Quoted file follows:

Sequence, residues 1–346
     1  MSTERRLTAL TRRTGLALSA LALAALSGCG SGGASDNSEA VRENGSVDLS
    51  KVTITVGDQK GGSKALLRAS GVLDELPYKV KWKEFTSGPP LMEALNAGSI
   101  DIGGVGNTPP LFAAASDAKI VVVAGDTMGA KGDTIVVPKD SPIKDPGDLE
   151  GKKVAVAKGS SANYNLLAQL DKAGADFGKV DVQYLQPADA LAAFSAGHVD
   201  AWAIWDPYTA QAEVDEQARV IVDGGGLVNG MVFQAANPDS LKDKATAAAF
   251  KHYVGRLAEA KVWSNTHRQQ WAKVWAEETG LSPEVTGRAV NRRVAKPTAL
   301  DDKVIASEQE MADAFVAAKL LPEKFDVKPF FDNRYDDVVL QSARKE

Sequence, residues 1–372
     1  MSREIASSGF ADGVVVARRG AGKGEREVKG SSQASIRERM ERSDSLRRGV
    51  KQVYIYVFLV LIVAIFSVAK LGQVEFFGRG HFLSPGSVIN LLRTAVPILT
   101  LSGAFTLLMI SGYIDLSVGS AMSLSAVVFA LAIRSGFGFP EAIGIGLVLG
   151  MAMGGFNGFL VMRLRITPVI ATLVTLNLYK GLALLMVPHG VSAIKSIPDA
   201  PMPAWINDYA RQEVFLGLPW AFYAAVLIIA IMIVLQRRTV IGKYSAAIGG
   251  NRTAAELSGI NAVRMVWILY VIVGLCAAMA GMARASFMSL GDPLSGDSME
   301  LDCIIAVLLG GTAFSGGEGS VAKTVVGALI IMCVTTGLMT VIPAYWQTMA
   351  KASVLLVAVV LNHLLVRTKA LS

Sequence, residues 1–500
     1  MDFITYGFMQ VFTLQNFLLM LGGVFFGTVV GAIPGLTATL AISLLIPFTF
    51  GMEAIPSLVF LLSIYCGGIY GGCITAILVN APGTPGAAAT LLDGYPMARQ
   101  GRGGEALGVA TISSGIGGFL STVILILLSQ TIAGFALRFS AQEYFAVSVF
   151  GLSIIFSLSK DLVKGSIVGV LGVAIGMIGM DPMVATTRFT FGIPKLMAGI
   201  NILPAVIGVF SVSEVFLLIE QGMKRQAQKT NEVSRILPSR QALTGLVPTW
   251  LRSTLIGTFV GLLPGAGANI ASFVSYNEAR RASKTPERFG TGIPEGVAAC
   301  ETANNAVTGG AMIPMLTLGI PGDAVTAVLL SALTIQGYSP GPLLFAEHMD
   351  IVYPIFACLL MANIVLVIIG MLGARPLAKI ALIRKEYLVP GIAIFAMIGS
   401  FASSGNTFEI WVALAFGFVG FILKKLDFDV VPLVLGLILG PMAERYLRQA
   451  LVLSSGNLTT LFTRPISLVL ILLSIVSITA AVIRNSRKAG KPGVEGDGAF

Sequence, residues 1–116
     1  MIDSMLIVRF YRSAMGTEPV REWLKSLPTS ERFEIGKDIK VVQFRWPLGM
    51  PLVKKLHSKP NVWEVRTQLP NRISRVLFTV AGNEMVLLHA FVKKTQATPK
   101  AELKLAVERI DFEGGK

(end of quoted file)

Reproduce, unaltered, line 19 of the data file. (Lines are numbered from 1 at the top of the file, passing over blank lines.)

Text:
     1  MDFITYGFMQ VFTLQNFLLM LGGVFFGTVV GAIPGLTATL AISLLIPFTF